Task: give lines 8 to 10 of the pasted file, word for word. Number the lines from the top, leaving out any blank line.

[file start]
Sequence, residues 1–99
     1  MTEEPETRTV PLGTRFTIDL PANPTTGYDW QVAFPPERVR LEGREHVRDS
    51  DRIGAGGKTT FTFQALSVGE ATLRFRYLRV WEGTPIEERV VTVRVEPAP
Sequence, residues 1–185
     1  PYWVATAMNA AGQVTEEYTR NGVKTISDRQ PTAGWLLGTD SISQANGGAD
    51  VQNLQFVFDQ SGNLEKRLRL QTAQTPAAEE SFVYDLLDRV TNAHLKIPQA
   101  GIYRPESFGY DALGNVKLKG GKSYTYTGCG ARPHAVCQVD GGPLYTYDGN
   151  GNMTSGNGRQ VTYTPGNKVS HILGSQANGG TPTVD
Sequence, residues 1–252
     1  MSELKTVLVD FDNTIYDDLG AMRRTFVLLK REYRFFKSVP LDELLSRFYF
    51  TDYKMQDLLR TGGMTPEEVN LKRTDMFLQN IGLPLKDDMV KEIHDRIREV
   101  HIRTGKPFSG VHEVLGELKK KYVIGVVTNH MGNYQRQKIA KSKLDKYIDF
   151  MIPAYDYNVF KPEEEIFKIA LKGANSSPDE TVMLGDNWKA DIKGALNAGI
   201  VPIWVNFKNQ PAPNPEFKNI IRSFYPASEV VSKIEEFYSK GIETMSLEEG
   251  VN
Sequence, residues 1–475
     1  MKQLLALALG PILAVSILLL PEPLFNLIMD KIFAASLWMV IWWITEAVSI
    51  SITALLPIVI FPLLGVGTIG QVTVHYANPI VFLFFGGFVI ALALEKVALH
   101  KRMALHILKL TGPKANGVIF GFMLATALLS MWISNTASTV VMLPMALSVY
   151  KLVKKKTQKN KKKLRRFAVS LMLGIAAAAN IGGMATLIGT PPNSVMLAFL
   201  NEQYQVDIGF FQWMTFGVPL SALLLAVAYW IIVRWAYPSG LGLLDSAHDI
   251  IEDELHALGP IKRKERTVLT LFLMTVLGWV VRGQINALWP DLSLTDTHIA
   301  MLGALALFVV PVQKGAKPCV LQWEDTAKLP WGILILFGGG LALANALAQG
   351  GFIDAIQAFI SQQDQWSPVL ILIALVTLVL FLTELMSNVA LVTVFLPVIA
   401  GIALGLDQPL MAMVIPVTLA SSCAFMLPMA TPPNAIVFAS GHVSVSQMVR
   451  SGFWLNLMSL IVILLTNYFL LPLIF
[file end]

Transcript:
   151  GNMTSGNGRQ VTYTPGNKVS HILGSQANGG TPTVD
Sequence, residues 1–252
     1  MSELKTVLVD FDNTIYDDLG AMRRTFVLLK REYRFFKSVP LDELLSRFYF